Column: Just Call Me Steve, or Whatever You Want
“Is that all, sweetheart?” This unbidden term of endearment came not from my wife, who only uses saccharine in her vanilla lattes and, I hope, wouldn’t utter it in any intimate context. The query came from the middle-aged woman tending the cash register at the Butterfly Pavilion in Boulder, Colo. I felt special for a very short time, until the woman next in line was “hon” and a man older than I was “sweetie.”
I wasn’t offended, but it rekindled my curiosity about who calls whom by what name or term, and why. It is a complex human matter and seems to pass without examination, although I’m sure a dusty Ph.D. thesis or two addresses it.
“Sweetheart,” “sweetie,” “hon,” and similar terms are generally used to speak to small children or intimate relatives or friends, not total strangers. But such language also is employed by folks in service positions — cashiers, sales clerks, wait staff — who likely endure all manner of rudeness. Using a term of endearment is a relatively innocuous, pre-emptive way of condescending, rather than being condescended to. I suspect it is a subtle psychological attempt to establish stature.
Of course that’s in the context of the term’s user being in a position held in relatively low esteem, regardless of the value or dignity of the important work they do. I would never object to that. It is quite a different matter when a physician or other “authority” figure uses such terms. In those instances it is double condescension, reminding the recipient of who’s in control. This is quite objectionable, especially when directed to older people. I would recommend calling any such doctor, lawyer or other person “sweetie” in return and enjoy the reaction. (You might also look for a new doctor or lawyer.).
There are other ways the use of names expresses something psychological about the namer. My mother, now 93, is an example. For most of her life she has mispronounced names. I’m not referring here to her lifelong predilection for calling me “Peter,” which is my younger brother’s name. That, I have always suspected, is just wishful thinking on her part, as he was and is a much more attentive child than I.
But, for example, she might refer to a movie star, say Matt Damon, as Matt Damn-on. Or pronounce the name of the famous pianist Richard Goode as Richard “Good-ee.” The innocence of her mispronunciation is invariably betrayed by the disdainful clarity with which the name is misspoken. It doesn’t necessarily reveal her opinion of the person, as she is a fine pianist herself and holds Richard Goode in appropriately high regard. But it is a way of expressing her disdain for fame or popularity as though it is beneath her to be aware of what everyone else knows. But you can bet the ranch that she’d nail the pronunciation of a minor Dostoevsky character with a flawless Russian accent. Of course I wouldn’t know if she were faking it.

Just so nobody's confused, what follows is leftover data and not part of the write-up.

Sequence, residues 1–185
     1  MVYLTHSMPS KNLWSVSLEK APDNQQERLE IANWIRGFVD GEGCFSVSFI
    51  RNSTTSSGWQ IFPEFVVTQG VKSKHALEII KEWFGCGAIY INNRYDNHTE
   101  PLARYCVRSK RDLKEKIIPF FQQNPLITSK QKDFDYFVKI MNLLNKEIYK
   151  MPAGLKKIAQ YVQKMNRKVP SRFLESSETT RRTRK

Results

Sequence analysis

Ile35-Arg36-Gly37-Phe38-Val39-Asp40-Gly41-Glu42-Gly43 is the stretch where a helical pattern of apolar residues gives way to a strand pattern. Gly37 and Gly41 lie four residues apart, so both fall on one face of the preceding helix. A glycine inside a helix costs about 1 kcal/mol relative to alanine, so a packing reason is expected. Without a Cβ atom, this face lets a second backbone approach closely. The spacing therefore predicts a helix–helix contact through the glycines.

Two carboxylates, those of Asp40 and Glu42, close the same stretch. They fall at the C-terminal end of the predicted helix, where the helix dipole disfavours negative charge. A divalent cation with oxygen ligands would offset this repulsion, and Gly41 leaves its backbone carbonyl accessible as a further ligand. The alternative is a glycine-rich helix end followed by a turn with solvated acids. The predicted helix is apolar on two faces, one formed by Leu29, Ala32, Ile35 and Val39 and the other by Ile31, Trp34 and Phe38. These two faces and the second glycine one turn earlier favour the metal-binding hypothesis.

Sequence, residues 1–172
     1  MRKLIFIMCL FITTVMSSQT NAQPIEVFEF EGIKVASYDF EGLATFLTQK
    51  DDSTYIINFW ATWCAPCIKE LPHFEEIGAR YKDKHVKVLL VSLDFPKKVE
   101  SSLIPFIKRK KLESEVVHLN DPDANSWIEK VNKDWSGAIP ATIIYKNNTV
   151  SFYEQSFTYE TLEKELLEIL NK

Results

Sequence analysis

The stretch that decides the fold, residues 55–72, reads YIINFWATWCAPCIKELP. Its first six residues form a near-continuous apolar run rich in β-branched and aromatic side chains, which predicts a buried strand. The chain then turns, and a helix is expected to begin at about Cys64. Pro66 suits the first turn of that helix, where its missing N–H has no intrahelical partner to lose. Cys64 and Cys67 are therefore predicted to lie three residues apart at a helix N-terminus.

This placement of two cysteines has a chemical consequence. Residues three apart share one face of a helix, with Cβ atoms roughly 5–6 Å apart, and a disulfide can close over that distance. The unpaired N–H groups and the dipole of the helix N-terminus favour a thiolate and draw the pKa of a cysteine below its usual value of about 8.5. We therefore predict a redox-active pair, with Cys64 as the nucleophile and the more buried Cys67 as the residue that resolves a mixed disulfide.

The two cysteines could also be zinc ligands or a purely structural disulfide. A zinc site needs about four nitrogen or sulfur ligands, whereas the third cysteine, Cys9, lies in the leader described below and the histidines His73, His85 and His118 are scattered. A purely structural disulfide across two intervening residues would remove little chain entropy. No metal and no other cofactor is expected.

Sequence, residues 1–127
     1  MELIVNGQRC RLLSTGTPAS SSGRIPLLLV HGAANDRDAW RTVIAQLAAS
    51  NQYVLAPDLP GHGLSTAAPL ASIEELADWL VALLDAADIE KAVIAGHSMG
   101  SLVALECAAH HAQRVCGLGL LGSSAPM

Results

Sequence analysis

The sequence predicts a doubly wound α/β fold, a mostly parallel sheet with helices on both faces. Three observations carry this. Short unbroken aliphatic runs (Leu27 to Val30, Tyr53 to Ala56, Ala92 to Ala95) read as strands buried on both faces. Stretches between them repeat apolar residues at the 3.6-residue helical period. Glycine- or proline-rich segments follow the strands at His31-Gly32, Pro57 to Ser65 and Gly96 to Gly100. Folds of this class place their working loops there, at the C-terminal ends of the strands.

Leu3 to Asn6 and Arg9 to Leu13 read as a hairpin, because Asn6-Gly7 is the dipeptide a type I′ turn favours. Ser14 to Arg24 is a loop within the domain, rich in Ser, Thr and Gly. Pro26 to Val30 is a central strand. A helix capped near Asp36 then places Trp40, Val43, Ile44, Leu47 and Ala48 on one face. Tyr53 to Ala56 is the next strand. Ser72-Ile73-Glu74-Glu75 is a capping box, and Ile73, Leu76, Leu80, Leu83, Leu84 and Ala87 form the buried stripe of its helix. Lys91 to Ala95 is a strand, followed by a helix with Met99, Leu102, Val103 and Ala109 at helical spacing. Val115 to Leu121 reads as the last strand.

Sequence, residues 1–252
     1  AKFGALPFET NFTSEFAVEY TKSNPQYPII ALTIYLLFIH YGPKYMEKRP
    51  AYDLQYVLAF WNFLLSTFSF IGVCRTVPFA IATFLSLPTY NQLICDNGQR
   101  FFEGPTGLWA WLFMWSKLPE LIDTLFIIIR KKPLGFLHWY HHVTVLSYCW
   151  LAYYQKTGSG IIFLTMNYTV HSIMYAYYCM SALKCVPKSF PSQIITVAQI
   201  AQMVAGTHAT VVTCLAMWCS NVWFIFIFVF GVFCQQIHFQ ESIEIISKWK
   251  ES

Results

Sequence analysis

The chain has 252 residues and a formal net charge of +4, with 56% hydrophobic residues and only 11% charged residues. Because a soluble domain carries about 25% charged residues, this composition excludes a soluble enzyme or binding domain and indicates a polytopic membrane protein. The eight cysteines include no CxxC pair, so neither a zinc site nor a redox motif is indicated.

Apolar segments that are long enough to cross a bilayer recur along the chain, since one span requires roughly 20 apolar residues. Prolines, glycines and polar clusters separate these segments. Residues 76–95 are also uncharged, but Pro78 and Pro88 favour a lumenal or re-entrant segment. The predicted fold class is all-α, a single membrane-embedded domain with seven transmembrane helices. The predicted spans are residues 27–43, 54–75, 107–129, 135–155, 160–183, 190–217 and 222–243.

The choices made in name use say much more about the person naming than the person named. Several work associates in past years always called me “Steven,” even though no one else did. In these cases it served some odd need to impose a more formal aura on our relationship. In a delightful reversal, nine years ago a group of second-grade girls started calling me “Stevie.” At Calhoun, the school I head, all of us from board chair to 3-year-olds are on a first name basis. But I don’t believe I had ever been called “Stevie” in my life until 2005. These girls are now high school juniors and still call me “Stevie.” It is a hoot when I’m escorting visitors through the school. It empowered them in some way knowable only to 8-year-old girls but I was, and remain, happy to be of service. I add an “ie” to the end of each of their names too, and will do so when I hand them diplomas next year.
A student who came to Calhoun from the South some years ago insisted on calling me Dr. Nelson (I have no doctorate). For months, whenever encountering her, I would remind her that we were all on a first name basis. She finally gave in and started calling me “Dr. Steve.” She just couldn’t quite rid herself of the cultural rules of Southern formality.
Years ago, I would likely have corrected anyone who called me “Steven,” “Stevie,” or “sweetheart.” Now I figure it must be doing something for the other person and simply acknowledge the name with a smile. I don’t even mind when my mother calls me “Peter.” I choose to believe she means it as a compliment.
Steve Nelson’s column appears in Perspectives every other week. He lives in Sharon and New York City, where he is head of the Calhoun School.